The Way Back

A gruelling tale of survival in the Siberian wastelands leaves Ralph McLean pining for some Christmas frivolity

Australian director Peter Weir doesn’t make a lot of films. With a strike rate of around two a decade, at best, and his last effort arriving on cinema screens seven years ago (the Russell Crowe-led Master and Commander), you could say he’s a tad selective about the projects he puts his name to. When he does decide to haul himself into a director’s chair, however, the results are usually worth noting.

With previous credits including Gallipoli and The Truman Show, it’s easy to see what he looks for in a job: a tale of ordinary people placed in challenging surroundings. The Way Back is certainly in that tradition, but this time the odds are outlandishly high, the surroundings almost impossibly challenging and the fate in question just about unbearably gruesome.

The result is a film that’s less an entertainment experience and more a morale-sapping endurance test that leaves you wrung out both emotionally and physically. By the time the 134 minutes have been clawed away and the film has crawled pitifully to its decidedly un-Hollywood conclusion, you will be utterly spent and pining for something frivolous and frothy to remind you that not all cinema stories have to be quite as unrelentingly glum as this. Trust me, The Expendables this is not.

Loosely adapted from Slavomir Rawicz’s book The Long Walk : The True Story Of A Trek To Freedom, The Way Back tells of how Rawicz and his companions escaped the living hell of a Siberian gulag in 1940 and crossed an entire continent, armed only with a single knife and one measly bag of food, to emerge a year later in India.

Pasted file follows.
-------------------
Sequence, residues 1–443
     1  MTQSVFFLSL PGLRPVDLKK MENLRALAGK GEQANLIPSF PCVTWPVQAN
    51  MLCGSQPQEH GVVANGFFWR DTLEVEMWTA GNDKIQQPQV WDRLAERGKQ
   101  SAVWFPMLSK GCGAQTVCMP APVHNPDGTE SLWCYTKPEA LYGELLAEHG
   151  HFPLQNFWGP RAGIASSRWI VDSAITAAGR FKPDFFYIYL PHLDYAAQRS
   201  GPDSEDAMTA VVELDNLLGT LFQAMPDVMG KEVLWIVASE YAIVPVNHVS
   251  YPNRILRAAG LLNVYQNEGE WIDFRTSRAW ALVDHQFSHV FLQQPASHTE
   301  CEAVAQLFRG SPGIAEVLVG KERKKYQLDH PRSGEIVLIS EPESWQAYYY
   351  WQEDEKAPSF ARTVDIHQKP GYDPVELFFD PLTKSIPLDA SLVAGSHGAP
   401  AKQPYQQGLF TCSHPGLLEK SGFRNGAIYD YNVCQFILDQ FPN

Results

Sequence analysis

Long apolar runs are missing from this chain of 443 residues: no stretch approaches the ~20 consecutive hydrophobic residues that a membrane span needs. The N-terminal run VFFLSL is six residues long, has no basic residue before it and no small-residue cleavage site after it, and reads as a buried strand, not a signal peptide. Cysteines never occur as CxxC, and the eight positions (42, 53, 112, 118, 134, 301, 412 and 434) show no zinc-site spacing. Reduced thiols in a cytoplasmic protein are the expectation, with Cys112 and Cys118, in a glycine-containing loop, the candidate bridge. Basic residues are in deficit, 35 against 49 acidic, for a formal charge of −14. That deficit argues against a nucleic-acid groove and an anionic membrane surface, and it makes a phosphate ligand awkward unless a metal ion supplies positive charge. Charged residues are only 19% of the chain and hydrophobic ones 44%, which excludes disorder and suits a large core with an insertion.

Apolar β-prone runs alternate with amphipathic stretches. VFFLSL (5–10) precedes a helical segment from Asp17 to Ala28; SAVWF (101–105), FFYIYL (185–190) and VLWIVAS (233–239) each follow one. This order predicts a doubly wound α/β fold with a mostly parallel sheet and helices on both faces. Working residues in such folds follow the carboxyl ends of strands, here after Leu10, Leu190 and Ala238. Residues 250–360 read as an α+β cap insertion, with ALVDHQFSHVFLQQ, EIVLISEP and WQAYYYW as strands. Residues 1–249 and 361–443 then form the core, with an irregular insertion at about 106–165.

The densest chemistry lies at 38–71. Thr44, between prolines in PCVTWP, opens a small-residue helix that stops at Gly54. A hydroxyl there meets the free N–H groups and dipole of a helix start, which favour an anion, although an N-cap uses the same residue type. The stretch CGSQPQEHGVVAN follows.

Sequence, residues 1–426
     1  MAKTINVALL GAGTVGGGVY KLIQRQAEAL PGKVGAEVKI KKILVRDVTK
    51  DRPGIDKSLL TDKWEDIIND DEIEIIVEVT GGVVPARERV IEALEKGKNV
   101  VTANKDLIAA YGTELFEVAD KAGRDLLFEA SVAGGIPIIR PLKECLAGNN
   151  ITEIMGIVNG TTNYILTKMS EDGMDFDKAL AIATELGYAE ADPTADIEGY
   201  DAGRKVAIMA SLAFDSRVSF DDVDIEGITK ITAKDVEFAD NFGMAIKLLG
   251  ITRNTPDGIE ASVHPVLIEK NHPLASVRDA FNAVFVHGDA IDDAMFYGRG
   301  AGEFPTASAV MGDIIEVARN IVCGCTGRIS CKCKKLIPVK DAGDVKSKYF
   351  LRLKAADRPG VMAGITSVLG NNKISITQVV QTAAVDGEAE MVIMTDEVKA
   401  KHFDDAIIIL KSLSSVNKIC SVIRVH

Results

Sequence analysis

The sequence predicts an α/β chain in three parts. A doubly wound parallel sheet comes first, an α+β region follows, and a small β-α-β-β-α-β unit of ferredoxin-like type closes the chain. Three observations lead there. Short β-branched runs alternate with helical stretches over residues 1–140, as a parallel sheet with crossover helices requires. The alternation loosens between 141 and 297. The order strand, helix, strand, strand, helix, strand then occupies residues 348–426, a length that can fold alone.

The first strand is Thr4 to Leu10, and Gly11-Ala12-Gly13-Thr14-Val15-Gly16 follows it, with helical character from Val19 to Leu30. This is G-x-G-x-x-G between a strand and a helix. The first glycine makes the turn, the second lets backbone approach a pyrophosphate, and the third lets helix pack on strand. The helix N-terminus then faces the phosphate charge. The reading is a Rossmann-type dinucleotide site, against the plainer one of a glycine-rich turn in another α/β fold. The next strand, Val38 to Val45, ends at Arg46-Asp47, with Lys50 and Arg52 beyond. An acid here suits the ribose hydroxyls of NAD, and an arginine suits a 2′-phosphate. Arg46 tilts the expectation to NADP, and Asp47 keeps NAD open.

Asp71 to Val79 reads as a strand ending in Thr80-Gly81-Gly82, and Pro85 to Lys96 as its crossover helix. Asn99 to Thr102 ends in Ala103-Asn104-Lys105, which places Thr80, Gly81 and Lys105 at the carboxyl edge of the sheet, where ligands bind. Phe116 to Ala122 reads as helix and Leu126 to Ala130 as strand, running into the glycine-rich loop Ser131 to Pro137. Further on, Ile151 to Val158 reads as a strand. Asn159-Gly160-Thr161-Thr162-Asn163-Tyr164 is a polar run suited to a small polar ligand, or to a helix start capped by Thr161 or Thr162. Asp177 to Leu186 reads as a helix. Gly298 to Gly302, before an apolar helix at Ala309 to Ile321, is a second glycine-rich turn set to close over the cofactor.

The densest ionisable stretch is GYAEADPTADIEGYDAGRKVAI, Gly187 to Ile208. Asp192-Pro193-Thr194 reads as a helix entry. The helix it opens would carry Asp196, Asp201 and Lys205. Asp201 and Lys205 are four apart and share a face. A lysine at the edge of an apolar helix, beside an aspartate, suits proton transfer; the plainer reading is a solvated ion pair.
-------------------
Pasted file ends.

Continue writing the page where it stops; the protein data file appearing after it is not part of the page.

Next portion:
Much has been made of the authenticity of the source material (with some arguing that Rawicz did not make the trek himself), but Weir takes the story firmly by the neck, makes a few changes and even adds an entirely new character to help bring the tale to the big screen.

The story begins in occupied Poland, where a military officer by the name of Janusz (Englishman Jim Strugess playing the central role of Rawicz) is interrogated and subsequently shipped off to Siberia. As an opening scene it’s shockingly effective - the camera lingers on the character’s face as fear turns to full-blown horror.

From there the grimness begins. The gulag scenes are so horrifically realised in all their sub-human glory they are torturous to watch and the vast, sprawling emptiness of Siberia is captured to great effect. Once Janusz and a handful of like-minded inmates – including a taciturn American (Ed Harris), a semi-crazed Russian thug (Colin Farrell), an artist (Alexandru Potocean) and a priest (Gustaf Skarsgard) – make their way to freedom in a blizzard, it becomes clear that their perilous journey across the continent is bound to end in death for most of them.

Weir films the changing locations with predictable panache and throws up any number of difficult moral quandaries as the unlikely gang of escapees consider their diminishing options. They meet a helpless teenager (Saoirse Ronan) and debate if they can afford the effort to help her. People start dying. Through it all the cast cope manfully. Even Farrell’s loose cannon character, with his dodgy cold war Russian accent and a tattoo of Stalin on his chest, convinces as the journey from hell drags on.

Visually enthralling and peopled with fine performances as it is, it’s hard not to feel slightly repulsed by The Way Back. As the life threatening challenges grow with every passing minute it’s easy to feel that you’re being manipulated in one long - very long - study in degradation.

Weir’s last big budget epic, the admirable Master And Commander, suffered at the box office due to its arrival at the same time as The Lord Of The Rings: Return Of The King in 2003, and perhaps this film’s pre-Christmas release suggests a similar misjudgement.

Alternatively it may appeal to those seeking to offset seasonal tooth rot with something a little stronger, something that isn’t afraid to show just how far the human spirit can be pushed when pursuing freedom. Either way this is a film not to be approached without careful consideration. First, you should ask yourself: just how much of the dark stuff can you stomach at this time of year?

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